Once I was back on the boat, she got Rob to do her a plan, and for some ungodly reason she said she wanted a lean to style – FFS, it looked like a bloody shed or an outdoor bathroom! She told me yesterday morning that she had exaggerated my response to it when discussing it with friends – she said I’d suggested she put a toilet in it and go the whole hog. If I'd thought of it, I would have said that. But with 20/20 hindsight I told her I would have said it would have been the (w)hole bog.

So she rethought it – lucky for her or I was going to send the boys around to sort her out. And she chose the Edwardian style. Good choice. Her intention was to have it look like it belonged there, not like it had been tacked on, so it was to have brick walls up to window height. (How she thought a lean to would look like it belonged I have no idea …)


The shed has gone, so had what remained of the grass

A fire is far more satisfying than carting stuff to the tip ... The steps that Lesley's dad put in place when she first bought the house would soon be gone.

Work started on terracing the garden and getting the fencing up on the correct boundary quite a few weeks ago. 
 
First tier almost in place

And the second tier takes shape
 
The terraces, the fab steps, the fences, the shed and the patio. On the right of the top two terraces you can just see the railway sleeper raised garden beds.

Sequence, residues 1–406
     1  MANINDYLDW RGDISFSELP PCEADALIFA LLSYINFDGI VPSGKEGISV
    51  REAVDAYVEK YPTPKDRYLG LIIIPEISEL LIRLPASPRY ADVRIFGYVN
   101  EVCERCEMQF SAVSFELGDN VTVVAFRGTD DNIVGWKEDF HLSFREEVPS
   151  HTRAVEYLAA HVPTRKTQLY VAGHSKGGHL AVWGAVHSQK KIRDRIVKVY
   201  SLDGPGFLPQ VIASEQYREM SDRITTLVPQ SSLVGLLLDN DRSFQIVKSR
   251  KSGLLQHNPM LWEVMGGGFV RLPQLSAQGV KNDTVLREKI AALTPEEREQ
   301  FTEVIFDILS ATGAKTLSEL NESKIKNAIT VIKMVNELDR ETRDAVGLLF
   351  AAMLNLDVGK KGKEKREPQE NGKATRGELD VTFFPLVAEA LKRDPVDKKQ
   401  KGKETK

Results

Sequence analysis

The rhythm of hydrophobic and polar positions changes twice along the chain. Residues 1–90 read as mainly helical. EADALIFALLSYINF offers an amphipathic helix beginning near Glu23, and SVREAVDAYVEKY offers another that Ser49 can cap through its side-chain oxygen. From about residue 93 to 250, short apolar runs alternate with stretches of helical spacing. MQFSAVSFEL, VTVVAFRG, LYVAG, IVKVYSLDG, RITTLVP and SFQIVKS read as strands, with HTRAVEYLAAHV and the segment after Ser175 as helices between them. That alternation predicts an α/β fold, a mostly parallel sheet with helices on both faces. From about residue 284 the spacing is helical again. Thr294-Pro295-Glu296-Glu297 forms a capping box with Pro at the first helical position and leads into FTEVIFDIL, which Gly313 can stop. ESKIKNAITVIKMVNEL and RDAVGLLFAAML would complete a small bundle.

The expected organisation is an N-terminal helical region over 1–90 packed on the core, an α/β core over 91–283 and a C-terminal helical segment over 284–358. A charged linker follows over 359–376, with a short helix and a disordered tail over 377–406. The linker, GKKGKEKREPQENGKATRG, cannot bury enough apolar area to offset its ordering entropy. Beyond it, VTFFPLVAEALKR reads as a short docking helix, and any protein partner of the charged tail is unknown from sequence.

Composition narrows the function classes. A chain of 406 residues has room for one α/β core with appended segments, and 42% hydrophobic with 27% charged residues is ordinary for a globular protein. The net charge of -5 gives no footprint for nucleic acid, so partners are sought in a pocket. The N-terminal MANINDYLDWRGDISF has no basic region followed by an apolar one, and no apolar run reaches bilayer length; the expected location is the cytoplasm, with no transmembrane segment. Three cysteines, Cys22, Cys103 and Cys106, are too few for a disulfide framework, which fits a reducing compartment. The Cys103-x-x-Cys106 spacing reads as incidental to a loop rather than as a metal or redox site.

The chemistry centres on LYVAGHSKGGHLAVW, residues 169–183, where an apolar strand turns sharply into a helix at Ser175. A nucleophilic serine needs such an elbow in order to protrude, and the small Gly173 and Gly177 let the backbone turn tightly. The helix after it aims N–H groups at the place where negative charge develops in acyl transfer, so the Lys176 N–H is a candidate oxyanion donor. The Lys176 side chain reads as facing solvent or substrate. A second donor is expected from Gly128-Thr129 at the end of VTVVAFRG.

Those steps are the business
The first plant which will need to be transferred into the appropriately coloured pot - royal blue, black or grey.
John and Julie, next door, have added a couple of bits of trellis to the top of two fence panels - they look cool.

Doing the terracing was fine, but the fencing was a bit of a mission.  However, it is now done, it looks cool and the garden is terraced, retaining walls are up, stairs are in place and well designed, the kitset shed is in place and its roof secure (thanks, Mike), the railway sleepers that form the garden plots are in position and joined up and stained.
 
No conservatory but a big mess in front of her lounge doors.

 Over the last week or so, the conservatory has been taking shape – the brickies had completed their work and then it was time for the framing, the roof, the windows and doors. Her doors are fabulous – bi-folds and they are the dog’s bollocks.
Block and brickwork for walls in place. Lesley was very impressed with the brickies.
Windows are in both sides and doors are in. Roof framing underway.

Roof goes on. I wonder if she did a roof shout? Must ask her!